3) What do I do when the conversation loses steam?

We have all been there: the conversation has run its course, leaving both parties standing there in a forced discussion about the weather (or in my case, just repeating “so, this is a great turnout” several times before slipping back into the crowd). Once the conversation has run out of steam, it’s ok to put an end to it before moving on. The best way to accomplish this? Extend your hand to the other person and tell them that you have appreciated the conversation, but there are a few other people you would like to meet too. You are there to network, and attorneys expect you to move from one conversation to the next. Remember, the attorneys are there for the same purpose, not to remain in one fixed interaction for the duration of the event.

4) What do I do next? Follow up!

Many attorneys fail to carry business cards all the time, so take the initiative and invest in a small notepad. Once you meet an attorney or judge, record their name and area of practice. Make note of a few things that you spoke about that made your interaction more personal – did you discuss your pets, travel plans, or a shared interest for Italian food? If you did not get an e-mail address, do a quick Google search. You can also search websites like the Florida Bar’s member directory, where, chances are, you will find their contact information. In your follow-up e-mail, keep it short and concise. Let them know you enjoyed talking about (fill in the blank here) and ask if they wouldn’t mind you contacting them from time to time for advice or information. Remember, it’s not as important how you follow up, but that you follow up.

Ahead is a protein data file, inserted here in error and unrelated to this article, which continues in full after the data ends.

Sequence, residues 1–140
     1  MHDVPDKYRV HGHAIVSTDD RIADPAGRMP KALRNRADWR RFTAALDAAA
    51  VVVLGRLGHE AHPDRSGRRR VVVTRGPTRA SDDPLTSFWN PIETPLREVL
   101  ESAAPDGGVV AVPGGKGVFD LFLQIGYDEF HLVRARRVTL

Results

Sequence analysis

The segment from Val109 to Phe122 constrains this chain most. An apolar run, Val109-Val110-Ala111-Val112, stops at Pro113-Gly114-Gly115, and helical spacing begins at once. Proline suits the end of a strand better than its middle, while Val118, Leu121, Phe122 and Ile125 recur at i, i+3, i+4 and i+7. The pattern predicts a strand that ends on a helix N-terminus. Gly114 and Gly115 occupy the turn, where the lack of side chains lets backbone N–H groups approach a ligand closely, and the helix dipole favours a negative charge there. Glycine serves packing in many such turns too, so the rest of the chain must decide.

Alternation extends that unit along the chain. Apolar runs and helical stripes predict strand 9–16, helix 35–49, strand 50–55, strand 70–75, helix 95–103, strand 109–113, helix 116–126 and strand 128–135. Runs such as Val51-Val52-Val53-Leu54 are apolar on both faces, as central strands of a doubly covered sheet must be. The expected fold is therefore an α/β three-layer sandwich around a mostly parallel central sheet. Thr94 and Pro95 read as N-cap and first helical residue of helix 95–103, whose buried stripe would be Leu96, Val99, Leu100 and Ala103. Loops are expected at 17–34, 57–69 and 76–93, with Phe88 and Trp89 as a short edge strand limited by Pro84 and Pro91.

College of Law. Student Ambassadors. Jenna Von See, 3L

 

Why a 1L Judicial Clerkship was the best decision of my Law School career

The first year of law school can be nerve-wracking: lots of reading, being cold-called, and trying to comprehend Pennoyer v. Neff. As if worrying about classes wasn’t hard enough, by the time spring semester rolled around, I needed to start thinking about how I was going to be spending my first summer as a law student. Little did I know, this decision would have the biggest impact on me and only confirmed my passion for the law. Doing a 1L judicial clerkship was the best decision in my law school career thus far.

While it may seem scary to think so far in advance, your first summer as a law student is such an important time. For most people, they are finally getting some hands-on legal experience, and trying to put all of the theoretical concepts they learned during first year classes to work. The Career Services and Professional Development Office here has so many options for 1Ls looking for summer jobs.